Australia catches on with mouse invasion

After years of drought, farmers in eastern Australia have been facing rats devouring their crops for months.

Determined and abundant, rats feed on farmers’ grain and hay stocks, and they prey on any edible material.

In the gruesome videos that have toured the world, thousands of rats gather in barns, homes, and move exponentially in crowds. After years of drought, the devastating wildfires of 2019 and the ensuing floods, Australia is facing a new crisis.

“My dad is still alive, he’s 93, which is the worst three years of his life. I think this is the worst mouse invasion ever recorded,” Mr. Dink, a rancher, told AFP. He fears.

“If we don’t have a very cold and humid winter, I’m a little worried about what will happen in the spring,” the 65-year-old fears.

Steve Henry, a researcher at CSIRO, the Center for Public Scientific Research, did not see things in a good light for his part: “When such an invasion of rats ends, they will disappear overnight, which we do not currently see.”

A bumper harvest allowed them to multiply

The highest number of rodents was reported in October alone, and a bumper harvest, after a severe drought, allowed them to multiply.

“If we don’t have a harsh winter anymore, the rats will have enough to survive all year, so it will become chronic,” said Bill Batman, an associate professor at Curtin University in Western Australia, explaining that the changing climate often causes this to happen.

In search of solutions, the Australian government announced a multi-million dollar aid package and developed a powerful pesticide, promethazine, which has not yet been approved by authorities. But this antifungal, which acts faster and more efficiently than the pesticides that are so prevalent so far, has the disadvantage of staying longer in the body of dead or dying mice.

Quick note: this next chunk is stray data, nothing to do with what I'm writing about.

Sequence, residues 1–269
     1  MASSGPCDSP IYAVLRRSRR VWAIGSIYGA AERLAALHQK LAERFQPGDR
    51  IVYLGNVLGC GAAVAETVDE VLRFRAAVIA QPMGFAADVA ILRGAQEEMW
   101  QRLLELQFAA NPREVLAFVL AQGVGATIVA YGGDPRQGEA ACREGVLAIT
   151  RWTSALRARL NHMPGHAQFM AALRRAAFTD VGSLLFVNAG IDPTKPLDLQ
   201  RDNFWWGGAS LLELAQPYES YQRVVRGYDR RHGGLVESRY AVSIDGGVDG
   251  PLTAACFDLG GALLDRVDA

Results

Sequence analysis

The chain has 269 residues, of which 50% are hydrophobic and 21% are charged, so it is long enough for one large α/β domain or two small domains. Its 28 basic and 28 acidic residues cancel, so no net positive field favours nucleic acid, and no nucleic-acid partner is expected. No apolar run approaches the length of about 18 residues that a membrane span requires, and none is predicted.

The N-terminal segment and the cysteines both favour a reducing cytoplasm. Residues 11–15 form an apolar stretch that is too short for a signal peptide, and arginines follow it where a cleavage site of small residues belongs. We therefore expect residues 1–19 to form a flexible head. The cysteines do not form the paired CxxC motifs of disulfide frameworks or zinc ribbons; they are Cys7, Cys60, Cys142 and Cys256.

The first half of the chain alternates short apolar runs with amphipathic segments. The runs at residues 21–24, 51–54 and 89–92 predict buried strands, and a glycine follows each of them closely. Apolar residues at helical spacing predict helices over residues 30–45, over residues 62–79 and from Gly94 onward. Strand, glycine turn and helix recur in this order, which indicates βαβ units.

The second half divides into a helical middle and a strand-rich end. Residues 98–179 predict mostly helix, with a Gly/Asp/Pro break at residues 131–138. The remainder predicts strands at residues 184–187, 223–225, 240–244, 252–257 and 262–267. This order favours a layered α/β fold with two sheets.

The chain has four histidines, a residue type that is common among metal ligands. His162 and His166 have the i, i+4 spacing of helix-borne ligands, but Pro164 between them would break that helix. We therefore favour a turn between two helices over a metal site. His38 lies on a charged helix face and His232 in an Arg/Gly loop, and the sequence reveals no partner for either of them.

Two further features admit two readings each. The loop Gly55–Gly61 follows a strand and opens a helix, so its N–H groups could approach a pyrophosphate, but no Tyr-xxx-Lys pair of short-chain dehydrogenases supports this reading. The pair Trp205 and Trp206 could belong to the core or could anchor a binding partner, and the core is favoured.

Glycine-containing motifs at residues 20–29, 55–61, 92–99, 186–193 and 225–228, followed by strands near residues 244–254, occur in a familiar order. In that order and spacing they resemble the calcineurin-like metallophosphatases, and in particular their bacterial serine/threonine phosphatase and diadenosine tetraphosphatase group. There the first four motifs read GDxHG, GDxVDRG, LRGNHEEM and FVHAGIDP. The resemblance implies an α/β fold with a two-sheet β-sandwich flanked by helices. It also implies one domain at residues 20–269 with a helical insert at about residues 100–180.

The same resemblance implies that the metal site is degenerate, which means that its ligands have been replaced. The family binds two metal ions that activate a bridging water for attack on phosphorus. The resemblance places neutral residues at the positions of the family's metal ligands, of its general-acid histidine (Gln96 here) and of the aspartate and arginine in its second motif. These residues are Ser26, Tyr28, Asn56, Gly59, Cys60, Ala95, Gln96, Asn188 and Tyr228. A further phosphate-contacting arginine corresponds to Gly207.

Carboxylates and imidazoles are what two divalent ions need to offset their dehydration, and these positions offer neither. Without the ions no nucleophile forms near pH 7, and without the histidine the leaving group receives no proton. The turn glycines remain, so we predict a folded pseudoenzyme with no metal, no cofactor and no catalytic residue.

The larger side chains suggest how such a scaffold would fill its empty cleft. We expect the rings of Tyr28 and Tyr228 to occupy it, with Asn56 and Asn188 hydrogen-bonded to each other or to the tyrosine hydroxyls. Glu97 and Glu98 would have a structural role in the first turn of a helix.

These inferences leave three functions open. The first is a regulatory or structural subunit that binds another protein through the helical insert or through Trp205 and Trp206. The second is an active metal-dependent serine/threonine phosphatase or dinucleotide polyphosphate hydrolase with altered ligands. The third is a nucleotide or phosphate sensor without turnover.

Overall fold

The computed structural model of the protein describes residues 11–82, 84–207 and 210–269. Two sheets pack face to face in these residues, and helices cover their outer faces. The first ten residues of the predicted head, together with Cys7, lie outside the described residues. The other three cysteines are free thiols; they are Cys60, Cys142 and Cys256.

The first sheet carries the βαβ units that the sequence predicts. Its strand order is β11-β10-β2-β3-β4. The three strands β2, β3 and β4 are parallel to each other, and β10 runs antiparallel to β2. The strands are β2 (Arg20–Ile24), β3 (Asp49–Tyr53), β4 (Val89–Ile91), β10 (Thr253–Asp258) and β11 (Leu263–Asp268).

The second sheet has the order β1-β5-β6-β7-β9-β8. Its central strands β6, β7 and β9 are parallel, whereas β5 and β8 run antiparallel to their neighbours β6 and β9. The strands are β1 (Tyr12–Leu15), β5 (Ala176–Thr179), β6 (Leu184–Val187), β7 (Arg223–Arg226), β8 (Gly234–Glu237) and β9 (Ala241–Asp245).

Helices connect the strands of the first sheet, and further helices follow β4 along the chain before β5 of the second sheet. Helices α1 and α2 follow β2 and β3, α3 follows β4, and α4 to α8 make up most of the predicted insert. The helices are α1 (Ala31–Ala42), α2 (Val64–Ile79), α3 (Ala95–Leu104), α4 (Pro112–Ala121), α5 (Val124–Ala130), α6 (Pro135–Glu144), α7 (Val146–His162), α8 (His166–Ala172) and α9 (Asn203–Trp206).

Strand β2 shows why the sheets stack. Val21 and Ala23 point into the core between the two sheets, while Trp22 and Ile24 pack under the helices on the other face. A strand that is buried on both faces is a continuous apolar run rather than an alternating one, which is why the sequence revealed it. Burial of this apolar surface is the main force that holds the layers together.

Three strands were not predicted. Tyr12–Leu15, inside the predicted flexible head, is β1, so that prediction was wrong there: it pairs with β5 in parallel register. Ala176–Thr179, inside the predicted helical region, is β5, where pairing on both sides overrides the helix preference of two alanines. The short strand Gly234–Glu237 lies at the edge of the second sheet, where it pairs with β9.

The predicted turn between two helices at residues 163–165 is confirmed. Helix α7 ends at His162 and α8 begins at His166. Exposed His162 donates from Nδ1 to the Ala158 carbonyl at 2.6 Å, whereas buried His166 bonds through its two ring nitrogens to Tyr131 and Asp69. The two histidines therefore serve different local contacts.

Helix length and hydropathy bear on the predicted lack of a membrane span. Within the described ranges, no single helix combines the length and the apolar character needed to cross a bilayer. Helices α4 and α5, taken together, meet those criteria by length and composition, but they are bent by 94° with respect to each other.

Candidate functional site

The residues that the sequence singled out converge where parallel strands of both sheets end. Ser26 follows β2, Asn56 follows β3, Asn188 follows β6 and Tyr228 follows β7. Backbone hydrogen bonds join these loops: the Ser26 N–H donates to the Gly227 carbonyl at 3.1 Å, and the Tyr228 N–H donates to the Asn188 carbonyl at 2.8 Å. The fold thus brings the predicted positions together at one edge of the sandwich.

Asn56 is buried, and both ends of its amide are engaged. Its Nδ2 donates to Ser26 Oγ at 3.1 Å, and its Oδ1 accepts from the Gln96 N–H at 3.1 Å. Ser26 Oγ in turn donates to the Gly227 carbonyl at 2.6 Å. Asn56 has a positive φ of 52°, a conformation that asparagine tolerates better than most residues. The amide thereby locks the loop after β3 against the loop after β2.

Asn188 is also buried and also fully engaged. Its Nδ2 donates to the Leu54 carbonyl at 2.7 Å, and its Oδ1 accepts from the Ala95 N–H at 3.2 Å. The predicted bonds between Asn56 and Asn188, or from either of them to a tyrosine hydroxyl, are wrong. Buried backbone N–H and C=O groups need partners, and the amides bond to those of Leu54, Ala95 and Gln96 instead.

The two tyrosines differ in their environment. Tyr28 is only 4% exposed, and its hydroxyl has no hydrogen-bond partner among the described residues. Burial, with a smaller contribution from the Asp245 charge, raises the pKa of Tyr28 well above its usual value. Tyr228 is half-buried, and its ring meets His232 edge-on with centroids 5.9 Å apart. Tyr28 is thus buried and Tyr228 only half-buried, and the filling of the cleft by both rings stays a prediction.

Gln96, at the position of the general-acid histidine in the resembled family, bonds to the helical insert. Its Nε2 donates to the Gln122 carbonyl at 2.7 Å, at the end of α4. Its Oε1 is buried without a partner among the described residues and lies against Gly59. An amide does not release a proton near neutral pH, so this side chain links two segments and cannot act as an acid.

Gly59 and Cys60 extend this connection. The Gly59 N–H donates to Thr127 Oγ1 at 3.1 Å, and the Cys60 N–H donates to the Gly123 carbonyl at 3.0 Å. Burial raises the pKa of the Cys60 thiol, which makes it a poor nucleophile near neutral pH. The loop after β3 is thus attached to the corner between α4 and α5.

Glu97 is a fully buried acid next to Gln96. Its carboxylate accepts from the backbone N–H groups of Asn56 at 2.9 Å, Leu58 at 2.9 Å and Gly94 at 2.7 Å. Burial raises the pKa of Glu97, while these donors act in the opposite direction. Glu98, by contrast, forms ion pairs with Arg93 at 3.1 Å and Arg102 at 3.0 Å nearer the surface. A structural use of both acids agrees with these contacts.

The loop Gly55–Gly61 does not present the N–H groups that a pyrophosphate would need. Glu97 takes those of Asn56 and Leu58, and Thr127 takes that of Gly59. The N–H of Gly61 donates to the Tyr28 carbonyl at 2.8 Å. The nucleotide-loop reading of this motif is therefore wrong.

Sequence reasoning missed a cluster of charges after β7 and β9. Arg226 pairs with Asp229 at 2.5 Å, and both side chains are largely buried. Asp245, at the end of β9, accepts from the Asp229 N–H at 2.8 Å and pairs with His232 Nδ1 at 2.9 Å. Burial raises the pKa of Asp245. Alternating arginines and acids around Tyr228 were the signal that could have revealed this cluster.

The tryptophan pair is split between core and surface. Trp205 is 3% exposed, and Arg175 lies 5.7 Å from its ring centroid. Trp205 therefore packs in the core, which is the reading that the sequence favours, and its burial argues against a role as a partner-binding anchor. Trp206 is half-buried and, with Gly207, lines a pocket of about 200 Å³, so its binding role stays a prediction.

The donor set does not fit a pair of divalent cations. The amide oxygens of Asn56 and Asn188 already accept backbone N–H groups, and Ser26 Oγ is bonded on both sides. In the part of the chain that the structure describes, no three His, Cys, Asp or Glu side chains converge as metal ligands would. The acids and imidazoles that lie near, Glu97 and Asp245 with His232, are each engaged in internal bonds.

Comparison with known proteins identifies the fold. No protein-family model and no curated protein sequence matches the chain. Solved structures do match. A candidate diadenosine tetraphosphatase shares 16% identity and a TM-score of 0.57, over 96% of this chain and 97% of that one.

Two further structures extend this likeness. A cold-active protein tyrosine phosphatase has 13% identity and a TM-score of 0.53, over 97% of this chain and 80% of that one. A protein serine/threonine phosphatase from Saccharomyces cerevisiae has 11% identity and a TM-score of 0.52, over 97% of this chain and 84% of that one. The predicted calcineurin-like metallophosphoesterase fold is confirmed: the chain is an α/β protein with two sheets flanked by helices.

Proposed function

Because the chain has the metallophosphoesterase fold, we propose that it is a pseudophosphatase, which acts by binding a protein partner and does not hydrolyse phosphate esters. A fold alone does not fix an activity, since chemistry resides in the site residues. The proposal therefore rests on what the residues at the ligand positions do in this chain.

So experts fear it will kill the animal as well, and then it will eat the poisoned rats.

“We’re really going to get in trouble in the future”

Experts believe that its use and environment will last a long time. By killing natural predators, it could poison humans through the food chain, he said.

“In the future we’re really going to get ourselves in trouble, not only by destroying our biodiversity, but also by destroying our defenses against future mouse invasion.”

For Steve Henry, pesticides, traps and previously used methods can help reduce the number of rats if the number of rats continues to increase after the winter.

According to him the priority is to find long-term solutions, including the causes of this “biggest” scourge.

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